Saxophones are heavy instruments to be carried, let alone carrying them while playing at the same time. Saxophone neck straps allow sax players to concentrate on the music they produce without the fear of dropping the instrument or the added strain to the arms and hands’ muscles.
In this article, I share with you all the different details that you need to know when looking for the best saxophone neck strap.
What is a Saxophone neck strap?
A saxophone neck strap is like a belt that supports the saxophone securely in position so you can play more comfortably.
There are different types of saxophone straps depending on your needs and preferences, such as: basic neck straps, over the shoulder straps, harness straps, as well as different kinds of hooks and clasps.
Neck Straps that comes with the saxophone
Okay it should be mentioned that nowadays new saxophones include a basic neck strap; however, those are made from cheap materials, unpadded and may not be the most comfortable.
If you could spare a bit more money, you should invest in a strap made from better and stronger materials, more padding and better protected hooks to prevent them from scratching and damaging the saxophone.
Medical concerns using a bad neck strap
Besides supporting the sax, neck straps are used to prevent placing extra weight on your neck and spine which could lead to a lot of pain and possible long-term issues with your column.
Basic neck straps can put a lot of pressure on your spine and press the sides of your neck restricting the blood flow to your brain. A saxophone weighs around 30 pounds, so hanging it with a thin strap supported by your neck may not be the best idea for your health.
If you are using a basic neck strap, beware of signs of restricted blood flow and if you experience any symptoms get a different one.
Different Types of straps
Understanding that everybody’s need may vary, different types of sax straps have been designed to provide comfort and allow the sax player to perform without straining his/her hands, elbows, and wrists.
Choosing one will depend on personal preferences, health recommendations and how much you can afford to invest
Basic neck straps
We’ve already talked about these, and although they may not be the best option, if you focus on getting one made with quality and strong materials, is well padded and the design of the belt helps distribute the weight around your neck, it will get the job done.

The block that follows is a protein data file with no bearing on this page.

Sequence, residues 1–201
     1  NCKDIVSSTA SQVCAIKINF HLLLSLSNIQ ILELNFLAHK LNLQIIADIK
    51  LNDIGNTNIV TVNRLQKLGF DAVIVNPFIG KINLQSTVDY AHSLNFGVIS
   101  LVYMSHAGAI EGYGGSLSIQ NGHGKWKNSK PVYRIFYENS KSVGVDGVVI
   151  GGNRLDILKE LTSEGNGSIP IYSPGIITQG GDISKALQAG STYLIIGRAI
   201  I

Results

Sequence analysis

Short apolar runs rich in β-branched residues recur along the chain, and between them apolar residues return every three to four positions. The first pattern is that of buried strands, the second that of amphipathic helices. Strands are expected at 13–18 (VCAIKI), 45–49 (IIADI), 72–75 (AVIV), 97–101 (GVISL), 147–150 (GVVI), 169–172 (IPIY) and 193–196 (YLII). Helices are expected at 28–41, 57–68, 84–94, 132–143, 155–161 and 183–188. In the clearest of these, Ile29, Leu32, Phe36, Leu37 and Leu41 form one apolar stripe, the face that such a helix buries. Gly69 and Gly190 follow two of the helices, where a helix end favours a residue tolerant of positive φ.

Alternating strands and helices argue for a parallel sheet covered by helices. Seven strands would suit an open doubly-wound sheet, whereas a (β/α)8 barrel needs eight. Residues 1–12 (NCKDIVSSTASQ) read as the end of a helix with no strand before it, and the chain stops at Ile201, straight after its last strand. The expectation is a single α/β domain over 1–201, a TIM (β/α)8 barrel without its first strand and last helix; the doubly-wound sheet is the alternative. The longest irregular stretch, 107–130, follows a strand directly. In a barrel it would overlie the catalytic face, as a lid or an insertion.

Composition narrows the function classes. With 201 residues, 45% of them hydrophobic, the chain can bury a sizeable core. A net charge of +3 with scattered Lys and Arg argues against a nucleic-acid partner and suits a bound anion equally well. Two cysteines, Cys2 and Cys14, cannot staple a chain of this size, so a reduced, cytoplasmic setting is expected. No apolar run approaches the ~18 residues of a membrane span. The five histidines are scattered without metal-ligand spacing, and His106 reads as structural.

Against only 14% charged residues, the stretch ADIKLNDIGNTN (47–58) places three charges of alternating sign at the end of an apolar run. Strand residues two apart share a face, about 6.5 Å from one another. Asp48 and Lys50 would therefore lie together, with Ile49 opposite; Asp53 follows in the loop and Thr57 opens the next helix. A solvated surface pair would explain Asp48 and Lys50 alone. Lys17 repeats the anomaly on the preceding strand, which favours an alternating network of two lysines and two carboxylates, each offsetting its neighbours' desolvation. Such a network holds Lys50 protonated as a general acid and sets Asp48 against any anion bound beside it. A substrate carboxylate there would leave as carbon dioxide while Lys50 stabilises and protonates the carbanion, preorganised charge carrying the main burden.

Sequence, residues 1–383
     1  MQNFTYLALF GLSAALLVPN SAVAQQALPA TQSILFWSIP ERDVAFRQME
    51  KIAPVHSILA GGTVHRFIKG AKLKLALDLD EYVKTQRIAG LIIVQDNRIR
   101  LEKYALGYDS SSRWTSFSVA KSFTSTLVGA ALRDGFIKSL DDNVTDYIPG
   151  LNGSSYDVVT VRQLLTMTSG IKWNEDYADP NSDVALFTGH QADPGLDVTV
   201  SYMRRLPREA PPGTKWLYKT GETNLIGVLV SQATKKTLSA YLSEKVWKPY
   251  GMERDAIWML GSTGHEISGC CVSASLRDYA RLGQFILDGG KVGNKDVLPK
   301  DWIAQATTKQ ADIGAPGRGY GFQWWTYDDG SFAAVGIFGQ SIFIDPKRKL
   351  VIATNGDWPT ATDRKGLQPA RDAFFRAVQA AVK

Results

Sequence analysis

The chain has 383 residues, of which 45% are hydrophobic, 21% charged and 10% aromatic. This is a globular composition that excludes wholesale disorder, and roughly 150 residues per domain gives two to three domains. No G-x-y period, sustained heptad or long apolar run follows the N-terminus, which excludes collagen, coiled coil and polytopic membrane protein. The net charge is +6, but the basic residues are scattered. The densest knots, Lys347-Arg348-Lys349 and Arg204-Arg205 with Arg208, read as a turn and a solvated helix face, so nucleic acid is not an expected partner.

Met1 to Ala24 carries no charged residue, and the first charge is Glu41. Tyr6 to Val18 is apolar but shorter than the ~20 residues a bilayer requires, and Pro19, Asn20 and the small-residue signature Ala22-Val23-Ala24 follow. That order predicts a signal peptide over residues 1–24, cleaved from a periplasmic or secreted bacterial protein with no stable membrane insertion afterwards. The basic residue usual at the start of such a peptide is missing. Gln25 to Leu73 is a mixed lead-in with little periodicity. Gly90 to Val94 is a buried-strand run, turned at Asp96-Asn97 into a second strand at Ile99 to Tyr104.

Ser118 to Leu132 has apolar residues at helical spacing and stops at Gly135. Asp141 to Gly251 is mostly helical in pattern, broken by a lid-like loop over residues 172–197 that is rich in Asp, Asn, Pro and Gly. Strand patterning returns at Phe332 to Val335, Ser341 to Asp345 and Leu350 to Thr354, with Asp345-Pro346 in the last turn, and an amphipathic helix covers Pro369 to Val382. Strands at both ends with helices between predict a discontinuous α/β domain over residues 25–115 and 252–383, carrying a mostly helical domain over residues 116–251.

Over the shoulder straps
Our shoulders can hold more weight than our neck, so if you are experiencing neck pain from a saxophone neck strap, favor an over the shoulder strap. This option is more comfortable and will reduce strain on your muscles and fatigue, allowing you to play for longer periods of time.
A saxophone harness is overall the best option available because it distributes the weight of the instruments on the shoulders and the abdominal muscles. This type of saxophone strap makes it comfortable to play all night long with minimal fatigue no matter if you are standing or sitting down.
Hooks and clasps
What holds the instrument to a saxophone neck strap is a hook or a clasp and choosing one or the other will depend on your experience and what works best for you.
The main goal is not dropping the instrument, so if you choose a sax strap with a hook you need to be aware that they can pop off and if you are not careful you will drop the sax. However, hooks allow you to switch saxophones quickly, so if you need to do this during a performance, clasps won’t help because they are trickier to hook and release.
There’s a hybrid of both a hook and a clasp designed to release easily, explore that option, and get familiar with it if you need to make fast switches so you don’t miss your cue to play and get in trouble for that.
The material hooks and clasps are made from is also important. Look out for those made from metal but covered with plastic to ensure durability without the risk of accidentally scratching and damaging your horn.
So, in conclusion, choose hooks if you need to switch instruments quickly but beware it doesn’t detach from the sax and drops it. For peace of mind, choose clasps to secure the instrument.
Versatility you need to be looking for
The purpose of a saxophone neck strap is to make your life easier while playing the sax, so the selection should be based on what fits you and only you.